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Berlin Environmental Atlas

08.05 Electromagnetic fields

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Electric and magnetic fields are characterised by strong spatial variations and rapid fluctuations over time. Time-variation predominantly affects the magnetic field, which responds in proportion to current flow and can pass unchanged through any substance, with the exception of ferromagnetic or conducting materials. The electric field, on the other hand, is heavily distorted by buildings or vegetation, where these objects provide a shielding effect.

In procuring the displayed values, various methods were used. These partly rely on pure measurements or calculations, and partly on a combination of both.


Measurements generally only served for categorising objects (e.g. substations, 1 kV cables etc.) and for standardising calculation data (e.g. railway traction currents), because although measurements describe a precise field condition, they only represent a very brief moment of time. When establishing information about large areas, measurements are not necessarily the best approach, in that they incur a substantial workload. Measurements are preferable in complex scenarios, which is often the case at workplaces.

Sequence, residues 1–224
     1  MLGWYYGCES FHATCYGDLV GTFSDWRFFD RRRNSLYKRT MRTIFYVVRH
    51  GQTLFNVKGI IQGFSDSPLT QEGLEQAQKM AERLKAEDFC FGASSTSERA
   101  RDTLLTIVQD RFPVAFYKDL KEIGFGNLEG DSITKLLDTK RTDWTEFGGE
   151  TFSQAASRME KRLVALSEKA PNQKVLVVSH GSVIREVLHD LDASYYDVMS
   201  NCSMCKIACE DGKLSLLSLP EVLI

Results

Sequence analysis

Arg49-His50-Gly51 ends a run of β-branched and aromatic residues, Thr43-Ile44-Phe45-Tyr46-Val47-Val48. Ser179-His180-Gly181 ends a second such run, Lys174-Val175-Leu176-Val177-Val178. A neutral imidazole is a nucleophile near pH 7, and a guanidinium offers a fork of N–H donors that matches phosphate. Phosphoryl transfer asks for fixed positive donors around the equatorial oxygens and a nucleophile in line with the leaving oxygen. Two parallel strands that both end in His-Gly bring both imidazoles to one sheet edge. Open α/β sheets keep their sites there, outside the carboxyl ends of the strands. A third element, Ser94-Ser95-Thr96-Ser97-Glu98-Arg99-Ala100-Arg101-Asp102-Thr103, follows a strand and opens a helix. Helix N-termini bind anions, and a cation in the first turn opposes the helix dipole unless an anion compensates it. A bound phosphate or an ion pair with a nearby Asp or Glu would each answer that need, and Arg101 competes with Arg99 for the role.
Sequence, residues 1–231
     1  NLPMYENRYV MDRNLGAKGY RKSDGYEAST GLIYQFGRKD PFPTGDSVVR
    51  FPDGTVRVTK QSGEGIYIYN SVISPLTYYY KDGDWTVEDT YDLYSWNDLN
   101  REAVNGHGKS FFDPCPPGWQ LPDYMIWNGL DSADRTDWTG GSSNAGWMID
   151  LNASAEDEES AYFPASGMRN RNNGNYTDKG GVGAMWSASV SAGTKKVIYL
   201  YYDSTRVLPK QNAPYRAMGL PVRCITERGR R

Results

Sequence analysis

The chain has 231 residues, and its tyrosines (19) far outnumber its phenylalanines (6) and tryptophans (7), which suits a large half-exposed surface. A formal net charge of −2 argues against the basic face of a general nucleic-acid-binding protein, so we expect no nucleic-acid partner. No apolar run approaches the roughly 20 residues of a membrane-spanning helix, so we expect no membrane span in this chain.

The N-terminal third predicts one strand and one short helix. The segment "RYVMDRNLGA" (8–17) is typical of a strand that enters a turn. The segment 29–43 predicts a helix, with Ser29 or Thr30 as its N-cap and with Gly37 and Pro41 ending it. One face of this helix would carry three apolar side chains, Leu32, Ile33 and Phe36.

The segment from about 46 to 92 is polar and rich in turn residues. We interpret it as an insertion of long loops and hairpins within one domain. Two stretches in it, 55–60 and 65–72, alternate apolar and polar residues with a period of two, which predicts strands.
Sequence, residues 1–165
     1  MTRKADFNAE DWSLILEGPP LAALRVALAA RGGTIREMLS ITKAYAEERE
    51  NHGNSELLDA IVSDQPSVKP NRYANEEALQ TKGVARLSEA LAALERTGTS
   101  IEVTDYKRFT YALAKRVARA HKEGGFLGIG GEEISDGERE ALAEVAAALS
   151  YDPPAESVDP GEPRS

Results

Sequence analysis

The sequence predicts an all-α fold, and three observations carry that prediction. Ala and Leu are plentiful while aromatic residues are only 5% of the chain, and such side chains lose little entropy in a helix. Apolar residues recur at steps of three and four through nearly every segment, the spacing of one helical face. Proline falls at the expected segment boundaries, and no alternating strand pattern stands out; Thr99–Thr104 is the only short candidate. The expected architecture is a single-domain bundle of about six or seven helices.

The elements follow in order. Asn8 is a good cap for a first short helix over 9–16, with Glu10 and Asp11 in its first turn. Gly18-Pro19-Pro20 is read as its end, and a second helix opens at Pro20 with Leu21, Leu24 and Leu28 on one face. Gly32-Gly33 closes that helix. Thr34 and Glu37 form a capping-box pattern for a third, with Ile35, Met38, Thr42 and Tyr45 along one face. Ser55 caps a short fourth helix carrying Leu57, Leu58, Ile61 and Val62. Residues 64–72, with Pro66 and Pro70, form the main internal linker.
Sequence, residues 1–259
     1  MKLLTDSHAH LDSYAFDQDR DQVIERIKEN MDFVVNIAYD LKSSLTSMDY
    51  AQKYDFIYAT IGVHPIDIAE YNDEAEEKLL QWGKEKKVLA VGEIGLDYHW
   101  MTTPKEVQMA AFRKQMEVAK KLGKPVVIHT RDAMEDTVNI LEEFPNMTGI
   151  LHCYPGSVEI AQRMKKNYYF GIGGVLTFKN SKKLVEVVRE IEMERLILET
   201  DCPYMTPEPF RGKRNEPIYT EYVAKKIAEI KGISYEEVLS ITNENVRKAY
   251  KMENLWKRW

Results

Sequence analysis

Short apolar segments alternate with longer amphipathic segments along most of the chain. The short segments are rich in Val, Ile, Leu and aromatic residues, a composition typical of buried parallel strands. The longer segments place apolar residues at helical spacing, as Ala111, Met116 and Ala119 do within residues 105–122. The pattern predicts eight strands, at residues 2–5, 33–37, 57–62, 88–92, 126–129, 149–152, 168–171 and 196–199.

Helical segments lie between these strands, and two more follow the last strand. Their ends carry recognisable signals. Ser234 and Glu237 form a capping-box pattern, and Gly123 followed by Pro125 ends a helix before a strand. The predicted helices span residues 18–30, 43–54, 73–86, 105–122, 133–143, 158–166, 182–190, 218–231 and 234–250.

Calculation techniques (Utmischi 1976, Haubrich 1974, FGEU 1997) should not be regarded merely as a substitute for complicated measurements. They can be irreplaceable, such as in planning new installations or simulating different operating conditions.

Fields, in contrast to conventional environmental factors, can be fully described by the properties of the field source. We do not have to compensate for phenomena such as the drift of gaseous emissions due to air movements, followed by off-site inputs after precipitation.

However, this advantage only comes into play if the field can spread undisturbed. This is practically always the case for low-frequency magnetic fields, as ferromagnetic materials do not occur in the environment in sufficient quantities. Electric fields, meanwhile, are often distorted by buildings or vegetation. Nevertheless, the assumption of undisturbed field strengths generally represents the worst-case scenario.

The undisturbed field strengths along high-voltage overhead lines were calculated for the entire area under study. Measurements only served to verify the calculations. The field distribution around rail installations was determined locally and extrapolated for whole sections of track.

Calculations were carried out with the program package WinField® (FGEU 1997).

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